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BLOGEleven Key Marketing Automation Sequences

by Randall CraigFiled in: Blog, CRM, Growth, Make It Happen Tipsheet, Marketing, ServiceTagged as: , , ,

Back in the dark ages of the internet, marketing was simple: send a monthly ezine, sales offers, and any other buzzworthy content down the pipe and a certain percentage of people will “convert.” Money automatically transferred into your account as the list was monetized.  Today, it’s no longer that simple.

There are a number of flies in the ointment that have significantly reduced the effectiveness of this “spray and pray” strategy:

  • Who is actually interested in reading low-value ezines?
  • Who really wants to be a member of a list?  Or be “marketed to”?
  • Who has the time to read the newsletter?

One approach to these problems is to stop producing the ezines/newsletters altogether. Another is to shorten them to their essence, and increase the value provided.  (My Make It Happen Tipsheet follows this strategy.) But a more powerful strategy is to develop a strategic and relevant communications processes: that’s where marketing automation comes in.

Marketing Automation can be defined as the family of initiatives (and underlying technology) that builds trust by automating the improvement in the relationship between your organization and a particular stakeholder. At the most basic, consider Marketing Automation as a sequence of interactions – usually by email – that both educate and increase trust.

Here are nine key marketing automation sequences that every organization should consider:

  1. Web lead generation forms: A whitepaper download form that tags the user with a number of attributes, sends the PDF, and later asks if there are any questions. Here is an example for a white paper that describes how digital can be used for events.
  2. Lead capture from traditional advertising, tradeshows, or partner deals.  A series of emails that are triggered by the user’s registration, that provide more information, usually with a follow-up call-to-action.
  3. Drive to Social Media engagement campaigns. These are campaigns that drive selected segments of your database to engage within your social media communities.
  4. Webinar/event follow-up campaigns. These sequences encourage registration, add value post-registration/pre-event, and then continue the conversation post-event.
  5. Long-term nurture-marketing sequence. A sequence of emails that continue a conversation after an initial touchpoint. When the subscriber is ready to commit, the subscriber will be both better educated and predisposed to work with you. Here is an entire tipsheet on nurture marketing.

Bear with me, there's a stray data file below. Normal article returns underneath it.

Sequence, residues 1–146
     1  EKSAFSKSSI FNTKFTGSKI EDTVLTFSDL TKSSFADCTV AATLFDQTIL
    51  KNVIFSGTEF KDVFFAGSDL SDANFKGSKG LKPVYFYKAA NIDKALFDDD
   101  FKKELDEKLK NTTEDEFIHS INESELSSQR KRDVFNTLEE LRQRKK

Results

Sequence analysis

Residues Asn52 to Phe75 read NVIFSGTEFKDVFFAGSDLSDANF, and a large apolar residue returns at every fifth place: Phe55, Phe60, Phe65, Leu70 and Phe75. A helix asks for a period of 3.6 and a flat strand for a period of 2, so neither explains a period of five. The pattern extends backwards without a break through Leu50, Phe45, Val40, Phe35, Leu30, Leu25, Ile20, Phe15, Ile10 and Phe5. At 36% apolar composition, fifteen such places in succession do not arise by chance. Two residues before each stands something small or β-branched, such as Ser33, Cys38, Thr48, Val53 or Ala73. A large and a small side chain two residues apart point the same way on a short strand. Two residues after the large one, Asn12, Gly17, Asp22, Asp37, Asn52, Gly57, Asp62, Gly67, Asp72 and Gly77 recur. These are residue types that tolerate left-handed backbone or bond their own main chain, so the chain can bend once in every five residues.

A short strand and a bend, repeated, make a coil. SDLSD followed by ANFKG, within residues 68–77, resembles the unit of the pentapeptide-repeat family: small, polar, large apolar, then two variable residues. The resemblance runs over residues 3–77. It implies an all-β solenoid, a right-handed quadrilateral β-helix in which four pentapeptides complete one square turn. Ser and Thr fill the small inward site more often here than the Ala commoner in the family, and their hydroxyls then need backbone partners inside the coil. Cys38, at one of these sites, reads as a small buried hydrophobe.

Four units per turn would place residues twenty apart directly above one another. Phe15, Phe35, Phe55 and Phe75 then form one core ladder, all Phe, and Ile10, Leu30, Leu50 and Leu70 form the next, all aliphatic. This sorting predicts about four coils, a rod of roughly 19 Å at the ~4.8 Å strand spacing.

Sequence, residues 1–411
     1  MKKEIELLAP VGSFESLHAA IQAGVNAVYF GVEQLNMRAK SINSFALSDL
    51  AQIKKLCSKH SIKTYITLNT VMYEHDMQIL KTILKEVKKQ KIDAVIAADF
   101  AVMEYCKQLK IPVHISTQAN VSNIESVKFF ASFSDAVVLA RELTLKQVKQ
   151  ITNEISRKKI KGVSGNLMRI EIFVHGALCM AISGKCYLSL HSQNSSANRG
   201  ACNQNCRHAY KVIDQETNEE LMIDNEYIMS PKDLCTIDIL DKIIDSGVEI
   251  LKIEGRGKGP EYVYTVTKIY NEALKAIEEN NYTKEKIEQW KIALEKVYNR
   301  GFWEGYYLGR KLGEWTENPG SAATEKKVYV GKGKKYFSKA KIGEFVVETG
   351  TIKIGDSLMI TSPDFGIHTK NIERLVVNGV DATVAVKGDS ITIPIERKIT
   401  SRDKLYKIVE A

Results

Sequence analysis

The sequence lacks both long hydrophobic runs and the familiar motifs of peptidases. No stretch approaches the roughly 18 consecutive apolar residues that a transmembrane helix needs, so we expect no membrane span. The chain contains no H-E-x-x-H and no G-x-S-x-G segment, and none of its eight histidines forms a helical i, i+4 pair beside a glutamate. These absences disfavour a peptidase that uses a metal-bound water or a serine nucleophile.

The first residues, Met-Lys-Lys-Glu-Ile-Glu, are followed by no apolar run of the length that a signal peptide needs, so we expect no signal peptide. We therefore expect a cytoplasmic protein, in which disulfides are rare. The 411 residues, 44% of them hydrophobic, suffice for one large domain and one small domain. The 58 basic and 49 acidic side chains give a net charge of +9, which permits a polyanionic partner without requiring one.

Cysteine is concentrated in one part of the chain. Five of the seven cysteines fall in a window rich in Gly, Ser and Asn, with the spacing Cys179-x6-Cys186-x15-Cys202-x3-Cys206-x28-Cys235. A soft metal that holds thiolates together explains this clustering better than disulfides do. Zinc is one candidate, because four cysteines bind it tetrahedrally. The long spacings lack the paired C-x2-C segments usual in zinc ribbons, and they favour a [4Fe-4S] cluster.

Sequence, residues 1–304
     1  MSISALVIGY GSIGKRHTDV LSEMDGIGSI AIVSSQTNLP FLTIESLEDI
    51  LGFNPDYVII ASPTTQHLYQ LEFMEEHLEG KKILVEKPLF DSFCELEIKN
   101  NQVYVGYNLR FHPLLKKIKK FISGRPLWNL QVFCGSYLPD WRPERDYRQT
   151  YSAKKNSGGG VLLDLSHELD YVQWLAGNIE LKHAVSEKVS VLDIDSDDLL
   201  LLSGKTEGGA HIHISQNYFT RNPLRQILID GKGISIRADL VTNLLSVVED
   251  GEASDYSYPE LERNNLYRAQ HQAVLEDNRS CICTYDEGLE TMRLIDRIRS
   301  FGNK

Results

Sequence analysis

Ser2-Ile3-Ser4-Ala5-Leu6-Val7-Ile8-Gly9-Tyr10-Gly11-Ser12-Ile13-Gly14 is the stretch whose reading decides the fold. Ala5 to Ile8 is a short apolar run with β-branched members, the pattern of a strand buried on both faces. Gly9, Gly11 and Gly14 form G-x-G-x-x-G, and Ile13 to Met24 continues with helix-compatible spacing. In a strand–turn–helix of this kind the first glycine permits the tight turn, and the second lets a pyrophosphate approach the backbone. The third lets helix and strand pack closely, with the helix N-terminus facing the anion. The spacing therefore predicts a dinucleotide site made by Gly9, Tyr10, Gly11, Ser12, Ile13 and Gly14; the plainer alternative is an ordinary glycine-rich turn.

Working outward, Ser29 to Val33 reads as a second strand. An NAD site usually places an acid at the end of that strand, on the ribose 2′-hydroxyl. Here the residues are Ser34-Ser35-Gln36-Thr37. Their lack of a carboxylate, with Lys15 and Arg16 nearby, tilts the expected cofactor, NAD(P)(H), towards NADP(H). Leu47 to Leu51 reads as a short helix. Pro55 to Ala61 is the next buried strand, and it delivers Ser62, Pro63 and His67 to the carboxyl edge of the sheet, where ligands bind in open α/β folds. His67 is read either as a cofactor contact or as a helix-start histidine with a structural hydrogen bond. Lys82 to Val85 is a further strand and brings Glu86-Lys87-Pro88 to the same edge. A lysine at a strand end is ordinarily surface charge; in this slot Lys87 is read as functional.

6. Long-term retention sequence. These are a sequence of emails to improve retention within a membership site or learning management system.
  7. Mini how-to education sequence. This is a short sequence that provides specific education on a topic. Here is one example Six Steps to Strategic Blogging.
  8. Sales trigger/Onboarding campaign: This is an email (or series of emails) that kick off when a new organization comes into the fold. It might start with an automated “thank you” email, then perhaps a short series that helps educate them on how to get the most value from their relationship with you.
  9. Exit Recapture sequence: This type of sequence is used when someone decides to “leave” your membership site or LMS.  It usually starts with understanding why they are leaving, with the goal of improving the deficiency (and thus prevent others from leaving), and then making a relevant offer to keep them within your ecosystem, either at a better price point, or perhaps with another offering, such as coaching.
  10. Referral and testimonial capture campaign: This campaign is designed to capture a testimonial, and generate referrals.
  11. Service delivery campaigns: These are the family of campaigns that either improve the efficiency of the delivery of your services, or reduce your customer support costs.

Done right, Marketing Automation can do it all: improve relationships, educate prospects, improve efficiency, and grow the organization. But if you are clumsy, Marketing Automation can kill your brand.


If you currently are using Marketing Automation, how do you know that you are getting the most from your efforts? This week, look carefully at the metrics: what is the one thing that you can do to improve your numbers?

If you don’t have a marketing automation program in place, maybe it is time to look into it. (Happy to share a behind-the-scenes look at how I use this type of system in my business: just ask me at  Or, look for yourself: In my businesses, I have used Keap (Infusionsoft), Active Campaign, and Zoho/SpeakerFlow.

Marketing Insight: While choosing the right technology is clearly important, a successful marketing automation initiative is grounded in the strategy, copywriting, and implementation.  Don’t believe the product vendors when they say it is “quick and easy”.

Does this topic resonate? Reach out to Randall: he can present it to your group.  (More presentation topics)
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